Kroll senior consultant for Africa Mark Simmonds told the Nairobi-based Business Daily in 2016: “We were never allowed to complete the work. We had only done 25% of the work.”
Even without a complete audit, however, the Kroll report painted a picture of industrial-scale corruption and money laundering involving Moi’s aides, associates in government and the private sector, and his children.
Through a network of companies, for example, the Kulei and Moi families were majority shareholders in multiple companies, including Standard Group Ltd, Kenya’s oldest media house.
“While Mark Too…was taking care of his political issues, Kulei was taking care of the business side of things,” a former insider told the Daily Nation in 2017.
In October 2001, Mark Too resigned as a nominated MP to pave way for the formal start of (now President) Uhuru Kenyatta’s ascent to the then ruling party’s leadership.
The end of an era
The retired president, who was never prosecuted despite such revelations, has been hospitalised since October 2019, around the same time the Access Bank/Transnational Bank became public. A report on 12 January by The Star newspaper, reported the 95-year-old former strongman had been “hurriedly put back on life support machines”.
Multiple government insiders told The Africa Report on condition of anonymity that the Moi family has been handling estate matters in preparation for his demise, having learnt from other families that have had to deal with such issues after the deaths of their patriarchs.
- Moi’s favourite son and political successor, Gideon Moi, who now serves as a member of Senate, is leading the preparations, which include detaching the Moi estate from those of his bag men.
- The Moi scions, particularly Gideon and his brother Philip, are said to have had a fraught relationship with Joshua Kulei from as early as the late 1990s.
In recent years, Gideon Moi has become a close ally to President Kenyatta, in what is a game of ping-pong between their two families. The two reconciled in early 2017 after Kenyatta’s mother, Mama Ngina Kenyatta, visited Gideon’s father. Their reconciliation is a counter-weight to Kenyatta’s increasingly antagonistic relationship with his deputy, William Ruto. Both Moi’s and Ruto’s primary support base is in the Rift Valley, specifically among the Kalenjin.
The younger Moi, who succeeded his father as MP for Baringo Central and now serves as senator of Baringo County, is said to be Kenyatta’s choice to replace Ruto ally Kipchumba Murkomen as Senate majority leader.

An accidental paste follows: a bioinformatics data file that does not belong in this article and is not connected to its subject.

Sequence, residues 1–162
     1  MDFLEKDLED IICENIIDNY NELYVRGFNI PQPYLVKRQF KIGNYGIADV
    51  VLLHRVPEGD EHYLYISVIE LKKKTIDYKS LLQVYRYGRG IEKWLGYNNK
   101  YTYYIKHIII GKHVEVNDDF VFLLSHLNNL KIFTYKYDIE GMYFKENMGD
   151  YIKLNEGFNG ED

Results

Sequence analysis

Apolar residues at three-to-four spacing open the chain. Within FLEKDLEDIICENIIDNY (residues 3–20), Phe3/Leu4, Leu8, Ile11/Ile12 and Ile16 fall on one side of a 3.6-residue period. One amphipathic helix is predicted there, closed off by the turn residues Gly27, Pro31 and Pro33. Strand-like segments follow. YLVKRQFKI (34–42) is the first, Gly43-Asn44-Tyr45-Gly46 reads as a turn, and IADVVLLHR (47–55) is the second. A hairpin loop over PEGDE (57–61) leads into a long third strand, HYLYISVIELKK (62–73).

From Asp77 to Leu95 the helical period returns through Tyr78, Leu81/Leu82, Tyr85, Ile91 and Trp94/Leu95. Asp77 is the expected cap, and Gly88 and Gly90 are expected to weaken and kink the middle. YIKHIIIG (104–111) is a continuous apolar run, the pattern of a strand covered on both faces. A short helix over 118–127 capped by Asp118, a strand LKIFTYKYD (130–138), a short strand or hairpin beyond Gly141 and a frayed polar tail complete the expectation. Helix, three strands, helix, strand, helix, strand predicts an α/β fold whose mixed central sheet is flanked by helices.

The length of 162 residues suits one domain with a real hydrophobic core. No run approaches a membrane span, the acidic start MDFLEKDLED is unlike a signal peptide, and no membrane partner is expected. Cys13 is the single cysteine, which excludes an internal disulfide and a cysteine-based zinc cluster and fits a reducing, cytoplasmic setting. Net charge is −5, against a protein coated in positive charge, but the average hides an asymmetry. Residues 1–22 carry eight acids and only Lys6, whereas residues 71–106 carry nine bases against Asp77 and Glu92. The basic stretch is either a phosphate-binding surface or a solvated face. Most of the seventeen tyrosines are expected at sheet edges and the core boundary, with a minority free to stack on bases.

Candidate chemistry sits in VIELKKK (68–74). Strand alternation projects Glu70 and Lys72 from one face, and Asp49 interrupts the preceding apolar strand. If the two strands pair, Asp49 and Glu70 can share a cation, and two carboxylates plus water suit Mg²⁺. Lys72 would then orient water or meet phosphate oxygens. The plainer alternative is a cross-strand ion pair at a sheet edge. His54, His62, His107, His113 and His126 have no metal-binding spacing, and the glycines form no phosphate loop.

Ngunjiri Wambugu, Nyeri Town MP and a close Kenyatta ally, said in a related Facebook post on 16 January 1, “Any Jubilee MP who currently occupies a leadership position in either Senate or the National Assembly is therefore on notice. If you are not aligned with the President’s agenda; if you don’t agree with the fight against corruption or support the BBI; pack & leave that office, before February.”
Even the coverage of the former president’s health shows the power struggles within Kenya’s ruling families, past and present.
- The newspaper has covered Moi’s health incessantly, as well as the power struggles going on in the country’s executive and legislature.
- In 2014, Times Media Group of South Africa acquired 49% of the loss-making media conglomerate, whose chairman is Kiprono Kittony, the son of a close associate of President Moi.
What all this means
There are many threads to unpack here, but the primary one is that Access Bank’s new acquisition in Kenya is more than just a financial transaction. It forms part of an ongoing process by former President Moi’s children to detach his estate from those of his former allies.
Seen from a different perspective, the entire fabric includes within it threads of the ongoing power struggle within Kenya’s executive and political class and the country’s storied history of industrial-scale corruption.
While the deal works for the Moi family, Access Bank will have to work hard to rid its new acquisition of this history and focus on (just) providing legitimate financial services.